But is this a bad thing? What’s so wrong with some background? I don’t believe that having background in an article will hurt readability and it will not necessarily ruin the scholarly value of an article. Why is it better that a reader must be expected to know the lay of the land when the land can be explained rather simply in 10 to 20 pages? Of course, not all articles should have to set forth background, but for important ones, why not provide a little background if it will increase readership dramatically?
In other words, I certainly agree that articles shouldn’t be required to provide background, but a little background doesn’t hurt sometimes. And I find that really good articles have a way of integrating background into the argument — putting a gloss on the background that is new and useful. In short, maybe having to write for folks who need to learn “why [an idea] matters” is a good thing. And it need not take 30 pages if well-done . . . and those pages need not be extraneous waste to scholars versed in the field either.
3. Submission Process and Editing. Law professors often complain about the process of submitting law review articles, but it is actually a process that is very efficient for us professors. We send our articles out to dozens of law reviews for simultaneous review.
In contrast, for peer reviewed journals, one has to send out an article to each journal one at a time, and wait for an eternity while the piece is reviewed by peer reviewers. If it is rejected, the process must start up all over again at the next journal down the list.
Publishing in a peer-edited journal can take a long time. Student-edited journals have the virtue of speed. That helps us. We shouldn’t be complaining. In fact, I doubt that the peer reviewed model will work well for legal scholarship, which often discusses current legal issues and controversies. Getting an article published quickly has a significant value.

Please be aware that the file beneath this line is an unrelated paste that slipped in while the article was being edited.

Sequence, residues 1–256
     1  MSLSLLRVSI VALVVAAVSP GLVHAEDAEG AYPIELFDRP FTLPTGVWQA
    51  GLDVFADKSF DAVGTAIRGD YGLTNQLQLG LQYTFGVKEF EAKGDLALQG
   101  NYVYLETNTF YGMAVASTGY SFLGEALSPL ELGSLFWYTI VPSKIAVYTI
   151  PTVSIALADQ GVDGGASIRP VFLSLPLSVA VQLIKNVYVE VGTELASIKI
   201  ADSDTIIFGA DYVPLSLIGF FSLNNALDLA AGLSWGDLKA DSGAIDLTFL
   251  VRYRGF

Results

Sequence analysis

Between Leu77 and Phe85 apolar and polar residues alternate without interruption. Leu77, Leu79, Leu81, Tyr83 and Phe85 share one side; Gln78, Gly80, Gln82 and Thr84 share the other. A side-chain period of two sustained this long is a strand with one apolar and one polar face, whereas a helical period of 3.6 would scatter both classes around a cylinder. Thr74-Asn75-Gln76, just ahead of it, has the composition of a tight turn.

But, some might object, the student editing must be vastly inferior to peer editing. This objection, however, assumes that no peers review and edit a law review article. Not true. Many professors have circulated their articles to numerous colleagues and have extensively workshopped their articles before several law school faculties.
If we professors had to do the article selection and editing, I wonder how good of a job we’d do. After all, we’re quite busy and may not want to carefully read each sentence to catch typos or small errors and omissions. We might also be biased in selecting pieces, as it is hard to turn down a good friend or colleague.
Student editing can be haphazard, but sometimes it can be quite good. Some student editors at top law reviews are interested in becoming professors and are just a few years away from entering the academy. They are thus eager to work hard and to impress, and they’re not too far away from being a peer. While I’ve certainly had my share of bad editing, I’ve also had my share of good editing. I’ve had student editors who have gone the extra mile on a piece, an extra mile most professors wouldn’t have the time or inclination to do.
Therefore, I believe that law reviews should get some more respect. [For those of you skeptical of an ulterior motive, I have no plans to send out an article this spring. Come to think of it, I should have been much more shrewd about the timing of this post . . . ]
In short, the law review system isn’t perfect, but it’s not that bad either. It even has its virtues.
Originally Posted at Concurring Opinions
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This post was authored by Professor Daniel J. Solove, who through TeachPrivacy develops computer-based privacy training, data security training, HIPAA training, and many other forms of awareness training on privacy and security topics. Professor Solove also posts at his blog at LinkedIn. His blog has more than 1 million followers.